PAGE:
It looks like it is going to rain all weekend.  Here are some indoor activities for the weekend!

Saturday, March 13

Saturday Morning at the National, 3/13 @ 9:30am & 11am

Every Saturday, the National Theatre offers free performances that the whole family can enjoy  This Saturday you can meet artist, author, and illustrator, Joe Jamaldinian, as he talks about his creation, Penguin Bob.  Joe will sketch pictures of Bob as he follows his quest to teach everyone, especially kids, to follow their dreams in a world of beautiful cultures and beautiful people.  Tickets distributed 30 minutes before each show. (202) 783-3372

The Grandsons Jr, March 1313 @ 10:30am

Jammin’ Java, Vienna, VA- The Grandsons Jr is the kid band version of DC-area roots rock superstars The Grandsons.  Kids AND their parents will dig the upbeat mix of rock, swing, New Orleans R&B, country, latin music we call Americana.  703.255.1566

McLean Storybook Festival, March 13, 11 a.m. – 12:30 p.m.

The McLean Community Center, McLean, VA-   The festival will include a performance by four time Parent’s Choice Award winning author, songwriter, story-teller, and poet Barry Louis Polisar.  Barry has written songs for Sesame Street and The Weekly Reader, and has been a regular performer on The Learning Channel.  After the performance, storybook characters will roam the crowd to assist with a craft project, and pose for pictures with your children.  $5 per person; free for children age 2 years old and younger.  Best suited for ages 3-8.

The Puppet Theater of Glen Echo, March 13, 11:30am-12:30pm

Glen Echo Puppet Playhouse, Glen Echo, MD- Beauty and the Beast (11:30am & 1pm)- ages 5-10 & Tiny Tots: Teddy Bear’s Picnic (10am)- ages 0-4

$8 per ticket 301.634.5380

Sunday, March 14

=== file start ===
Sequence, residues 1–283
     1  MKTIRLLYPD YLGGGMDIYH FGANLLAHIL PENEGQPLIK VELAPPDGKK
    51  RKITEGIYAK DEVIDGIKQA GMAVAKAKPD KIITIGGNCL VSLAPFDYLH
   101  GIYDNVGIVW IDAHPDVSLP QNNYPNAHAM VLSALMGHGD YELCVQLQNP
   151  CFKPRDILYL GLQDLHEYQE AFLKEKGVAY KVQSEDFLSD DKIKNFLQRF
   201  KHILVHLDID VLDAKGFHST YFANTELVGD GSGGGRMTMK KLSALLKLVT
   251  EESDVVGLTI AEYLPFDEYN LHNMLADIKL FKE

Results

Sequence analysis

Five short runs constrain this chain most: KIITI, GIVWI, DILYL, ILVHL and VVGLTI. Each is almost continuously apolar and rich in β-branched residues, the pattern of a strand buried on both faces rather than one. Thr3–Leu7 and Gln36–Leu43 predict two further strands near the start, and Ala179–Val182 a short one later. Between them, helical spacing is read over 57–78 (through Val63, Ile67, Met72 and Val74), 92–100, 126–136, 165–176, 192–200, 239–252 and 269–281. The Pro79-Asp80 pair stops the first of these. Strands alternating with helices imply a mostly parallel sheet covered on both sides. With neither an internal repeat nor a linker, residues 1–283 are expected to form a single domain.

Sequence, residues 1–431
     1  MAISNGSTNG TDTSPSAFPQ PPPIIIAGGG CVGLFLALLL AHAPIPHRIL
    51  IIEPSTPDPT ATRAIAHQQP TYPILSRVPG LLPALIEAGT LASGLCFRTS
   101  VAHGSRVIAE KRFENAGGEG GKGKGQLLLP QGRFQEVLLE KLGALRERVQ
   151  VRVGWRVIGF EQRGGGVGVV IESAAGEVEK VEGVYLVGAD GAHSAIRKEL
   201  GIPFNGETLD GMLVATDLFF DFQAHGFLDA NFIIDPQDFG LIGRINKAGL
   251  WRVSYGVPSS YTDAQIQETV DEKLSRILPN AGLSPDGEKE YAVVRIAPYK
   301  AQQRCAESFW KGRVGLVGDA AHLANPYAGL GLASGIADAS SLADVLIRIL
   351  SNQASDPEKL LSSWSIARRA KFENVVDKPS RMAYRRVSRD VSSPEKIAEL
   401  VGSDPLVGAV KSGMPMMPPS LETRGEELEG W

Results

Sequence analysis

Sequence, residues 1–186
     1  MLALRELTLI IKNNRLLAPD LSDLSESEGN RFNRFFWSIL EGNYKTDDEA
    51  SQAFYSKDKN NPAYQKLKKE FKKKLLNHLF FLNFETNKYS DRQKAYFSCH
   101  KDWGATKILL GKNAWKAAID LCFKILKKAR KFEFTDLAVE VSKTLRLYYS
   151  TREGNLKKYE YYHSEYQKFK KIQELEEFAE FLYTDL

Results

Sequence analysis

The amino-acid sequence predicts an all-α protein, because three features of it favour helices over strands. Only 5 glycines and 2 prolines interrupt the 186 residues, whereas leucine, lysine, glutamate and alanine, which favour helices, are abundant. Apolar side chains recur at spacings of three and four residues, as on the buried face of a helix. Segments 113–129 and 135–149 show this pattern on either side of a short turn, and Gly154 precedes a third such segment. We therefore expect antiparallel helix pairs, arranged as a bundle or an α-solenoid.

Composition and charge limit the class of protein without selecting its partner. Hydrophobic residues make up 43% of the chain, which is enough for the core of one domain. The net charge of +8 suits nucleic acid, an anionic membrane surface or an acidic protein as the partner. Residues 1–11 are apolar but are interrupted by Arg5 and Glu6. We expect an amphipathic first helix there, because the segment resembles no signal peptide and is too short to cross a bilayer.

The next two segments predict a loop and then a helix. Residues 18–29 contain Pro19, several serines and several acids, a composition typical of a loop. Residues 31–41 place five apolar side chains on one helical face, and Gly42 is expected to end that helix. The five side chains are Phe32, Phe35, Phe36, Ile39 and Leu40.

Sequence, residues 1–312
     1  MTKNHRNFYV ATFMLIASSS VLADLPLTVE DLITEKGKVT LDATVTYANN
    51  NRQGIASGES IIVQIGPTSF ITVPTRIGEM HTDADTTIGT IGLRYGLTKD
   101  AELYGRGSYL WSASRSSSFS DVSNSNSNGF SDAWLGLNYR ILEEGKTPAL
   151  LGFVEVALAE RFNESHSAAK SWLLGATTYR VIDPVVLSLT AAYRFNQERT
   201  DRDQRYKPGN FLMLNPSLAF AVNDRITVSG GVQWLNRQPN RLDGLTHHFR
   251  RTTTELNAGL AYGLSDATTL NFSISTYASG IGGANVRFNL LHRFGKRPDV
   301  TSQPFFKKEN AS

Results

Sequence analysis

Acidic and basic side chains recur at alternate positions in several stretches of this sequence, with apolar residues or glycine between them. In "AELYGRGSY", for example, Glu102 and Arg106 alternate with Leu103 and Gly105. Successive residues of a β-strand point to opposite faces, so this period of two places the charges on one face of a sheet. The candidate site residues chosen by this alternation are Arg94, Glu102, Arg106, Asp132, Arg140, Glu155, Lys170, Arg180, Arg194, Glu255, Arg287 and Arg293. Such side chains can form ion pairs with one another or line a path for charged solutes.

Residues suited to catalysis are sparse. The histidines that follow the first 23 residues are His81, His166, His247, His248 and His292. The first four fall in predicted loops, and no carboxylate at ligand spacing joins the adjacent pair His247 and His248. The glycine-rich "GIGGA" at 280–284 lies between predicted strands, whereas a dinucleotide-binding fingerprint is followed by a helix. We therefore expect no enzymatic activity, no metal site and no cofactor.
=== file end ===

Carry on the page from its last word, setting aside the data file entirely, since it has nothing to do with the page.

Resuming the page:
A Year with Frog and Toad, March 14 @ 1pm
Music Center at Strathmore, North Bethesda, MD- A Year With Frog and Toad follows the adventures of two best friends, Frog and Toad, as they grow through four fun-filled seasons collected from Arnold Lobel’s classic, award-winning series of children’s books.

One World, One Sky: Big Bird’s Adventure, March 14 @ 10:30

Smithsonian National Air and Space Museum, Washington, DC- The 20-minute planetarium show follows Sesame Street’s Big Bird and Elmo as they explore the night sky with Hu Hu Zhu, a Muppet from the Chinese co-production of Sesame Street. Together, they take an imaginary trip from Sesame Street to the moon, where they discover how different it is from Earth. They learn how to find the Big Dipper constellation and the North Star, and there’s a sing-along of “Twinkle Twinkle Little Star”.  Sesame Workshop CEO Gary Knell says that the show is designed to engage little kids without scaring them half to death in a dark room. This will give them an introduction and hopefully instill in them at a very young age a love for science.  Tickets available for FREE at the Albert Einstein Planetarium box office, and the show starts at 10:30.

American Art Museum Scavenger Hunt, 11:30am-7pm

Smithsonian American Art Museum, Luce Foundation Center, Washington, DC- With more than 3,300 artworks densely arranged in floor-to-ceiling glass cases, the Luce Foundation Center is the perfect place for a scavenger hunt! Themed hunts are available daily at the information desk on the third-floor mezzanine in the center. From monsters to magic, you will discover new things each time with clues that challenge your skills

National Building Museum– 11am-5pm, Sundays

One of our favorite museums in DC!  The building itself is fantastic.  There is a wide open Great Hall, where kids can run free.  Kids can attempt to build a 7-foot tall arch using numbered foam blocks (MUCH harder than it looks).  A favorite of the toddler crowd is the Building Zone, designed for children aged 2 to 6.  There are many types of building materials, such as giant legos, magnetic tinker toys, and cardboard blocks.  There are also dress-up costumes, a large scale play house, building focused books, and much more.  There can be a line to get into the Building Zone, as there is a capacity of 40 children.  There are also “Family Tool Kits”  that help to bring the building to life for school-aged kids.